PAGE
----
Serebrier has conducted and recorded Dvořák many times, but this performance is electrified by a glorious sense of discovery. Might this have been what Dvořák and many millions of Europeans before him and after have felt when they encountered America? There are many more venerable recordings, but this bursts with open-hearted exuberance. Serebrier shows what America might have meant for Dvořák, a man steeped in European tradition, from a land-locked country. Expansive, surging crescendi, suggesting wide open spaces, not just physical but as creative opportunity. Vigorous rhythmic power, evoking the liveliness of American "can do" enterprise. The Bournemouth Symphony Orchestra here is very bright, and very brassy, more like an American orchestra, which suits this symphony well, and they sound invigorated.
Dvořák's big codas dazzle, creating large forms, but above all, Serebrier shows how the essence of this symphony lies in lyrical detail. Mountains, plains, cities and technology - do some of these rhythms suggest trains, and machines ? Yet the symphony's finest moments stress individuality, either human or from nature. Hence the delicate "vernal" motifs like the wonderful English horn motif, now known as "going home". It wasn't borrowed music but Dvořák's own, representing, perhaps, idealistic innocence. That's why it became a spiritual, not the other way round. Serebrier separates notes so each is heard clearly. This creates a magical sense of wonder, but hints at fragility. The Largo dissolves with exquisite tenderness. Even in the vigorous, confident Allegro con fuoco, the pure, clean sounds of solo instrments shine. The sound recording is so good you can hear piccolo and triangle ring. This is where studio recording proves its worth, for that pristine clarity is very much at the heart of this symphony.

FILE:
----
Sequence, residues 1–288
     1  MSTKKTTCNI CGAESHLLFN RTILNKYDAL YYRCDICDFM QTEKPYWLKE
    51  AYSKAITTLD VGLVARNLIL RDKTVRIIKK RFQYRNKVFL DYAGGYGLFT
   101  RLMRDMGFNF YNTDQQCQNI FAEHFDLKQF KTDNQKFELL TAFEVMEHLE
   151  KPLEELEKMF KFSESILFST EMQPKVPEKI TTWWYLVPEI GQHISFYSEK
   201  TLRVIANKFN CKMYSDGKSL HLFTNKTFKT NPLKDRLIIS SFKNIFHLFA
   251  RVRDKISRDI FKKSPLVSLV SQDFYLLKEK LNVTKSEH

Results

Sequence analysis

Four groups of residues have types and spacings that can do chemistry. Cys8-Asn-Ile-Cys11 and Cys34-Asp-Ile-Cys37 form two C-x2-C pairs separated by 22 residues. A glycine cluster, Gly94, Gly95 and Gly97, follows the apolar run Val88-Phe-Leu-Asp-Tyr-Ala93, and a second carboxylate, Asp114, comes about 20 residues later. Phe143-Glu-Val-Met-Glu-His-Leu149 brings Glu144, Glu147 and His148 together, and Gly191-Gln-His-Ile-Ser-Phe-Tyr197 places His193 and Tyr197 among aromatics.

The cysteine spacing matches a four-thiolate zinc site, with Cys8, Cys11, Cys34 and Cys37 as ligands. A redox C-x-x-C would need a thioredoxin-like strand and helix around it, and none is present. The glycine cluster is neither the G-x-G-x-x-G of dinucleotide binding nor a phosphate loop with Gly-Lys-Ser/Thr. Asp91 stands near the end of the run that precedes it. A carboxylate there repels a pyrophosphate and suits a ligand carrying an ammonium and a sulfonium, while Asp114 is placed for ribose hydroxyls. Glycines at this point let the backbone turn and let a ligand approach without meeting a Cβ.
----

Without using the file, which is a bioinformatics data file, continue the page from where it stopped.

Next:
It's prescient that this Volume One in Serebrier's Dvořák series with the Bournemouth Symphony Orchestra starts with the Slavonic Dance op 46 no 1 (presto) because the first chord explodes! It's followed by an unusually alert reading that feels like dance on a grand scale, yet even the tiny whips - like fast moving footsteps - are deftly precise. Surrounding From the New World with the Czech Suite op 39 and the Slavonic Dance op 72 no 2 (allegretto) is perceptive, for it underlines the idea of dance in the symphony. Dance is rhythmic pattern, and movement, and From the New World uses ensemble patterns as well as motivic freedom. Dancers in groups, dancers solo, all functioning in a complex whole. You can almost visualize an American city with teeming traffic in a very un-European grid of streets. Or buildings as hives of activity. Maybe that's what Dvořák really meant about using "Indian" sounds, stomping ostinato as a rhythm of life.